Scowcroft’s management of the NSC process also worked well because of his creation of other interagency groups to expedite decision making. One of his key innovations (retained by subsequent presidential administrations) was the formation of the Principals Committee which included the Vice-President, the secretary of state, the secretary of defense, the director of central intelligence, the chairman of the Joint Chiefs of Staff, the White House Chief of Staff and the national security adviser – all meeting without the president.”

    Scowcroft achieved the holy grail of natsec policy – “whole-of-government” planning and execution. Part of the reason was that Brent Scowcroft was extraordinarily close to the elder President Bush, far closer than in the dysfunctional yet highly successful partnership between Richard Nixon and Henry Kissinger. That accounts for some of it, but Condi Rice was just as close to George W. Bush as Scowcroft had been to Bush’s father yet her tenure as national security adviser is given low marks, not least for being completely unable to rein in Secretary of Defense Donald Rumsfeld or Vice-President Dick Cheney who was virtually the prime minister of the administration in its early years. The difference may have been that Scowcroft could not only speak with the President’s unquestioned authority, he knew better when to do so than Rice and consequently, seldom needed to do it at all.

    The second problem in answering “was Scowcroft a good strategist” is that he clearly was not and never aspired to be a grand strategist in the manner of Richard Nixon, George Kennan or Otto von Bismarck.  Scowcroft never approached national security by attempting to reshape the geopolitical calculus despite the regrettable tagline of “new world order”. Instead, Scowcroft’s strategic philosophy was to manage risks as they emerged by peacefully integrating a collapsing rival state system piecemeal into the existing international community status quo at the lowest possible cost of disruption. Maximizing geopolitical opportunities or strategic gains was not his primary yardstick.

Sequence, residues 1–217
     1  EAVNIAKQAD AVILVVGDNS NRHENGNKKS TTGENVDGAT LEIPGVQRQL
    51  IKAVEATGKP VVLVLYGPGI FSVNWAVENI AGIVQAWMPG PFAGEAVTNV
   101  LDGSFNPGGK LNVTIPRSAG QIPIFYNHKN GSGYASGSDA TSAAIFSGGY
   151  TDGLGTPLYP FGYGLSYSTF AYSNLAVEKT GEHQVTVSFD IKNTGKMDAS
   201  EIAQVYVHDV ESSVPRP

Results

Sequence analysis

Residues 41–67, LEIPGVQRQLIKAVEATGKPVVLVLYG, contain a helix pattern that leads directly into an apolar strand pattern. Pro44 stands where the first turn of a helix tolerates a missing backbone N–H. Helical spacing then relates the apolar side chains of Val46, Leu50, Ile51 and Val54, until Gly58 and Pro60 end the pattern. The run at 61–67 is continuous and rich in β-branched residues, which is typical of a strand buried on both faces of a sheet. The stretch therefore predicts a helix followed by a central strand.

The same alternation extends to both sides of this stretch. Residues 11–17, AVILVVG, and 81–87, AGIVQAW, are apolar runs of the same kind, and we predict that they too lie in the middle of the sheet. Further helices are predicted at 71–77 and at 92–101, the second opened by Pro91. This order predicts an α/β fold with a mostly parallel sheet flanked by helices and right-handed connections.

This is why as Sparrow, relates, that Scowcroft and the senior President Bush strongly discouraged “triumphalism” in American rhetoric about the Cold War while trying to work with Mikhail Gorbachev to manage the Soviet collapse; and why the break up of Yugoslavia was viewed with such distaste (Scowcroft had served in the embassy in Belgrade under Kennan). Conversely, this is also why  Scowcroft was so eager to use American military force in Iraq, to defend and reinforce post-Cold War international legal norms from Iraqi aggression, but not to march to Baghdad and overthrow Saddam’s dictatorial regime. Brent Scowcroft deserved the credit for both his early insight that force would be required to remove Iraq from Kuwait and the wisdom of the Bush administration to wield overwhelming force with restraint and diplomatic finesse.  When the second Bush administration – an administration filled with his former colleagues – opted to march on Baghdad, it would have been a simple matter for Scowcroft to remain silent, but instead he offered counsel. When his advice was rebuffed, Scowcroft did the harder thing and made his case against the Iraq War public even though it cost him friendships and access to the President of the United States. A rare choice in Washington.

    Scowcroft is indeed a strategist by any reasonable measure and something greater, a statesman for whom the country and its national interest always came first.

    Strongly Recommended.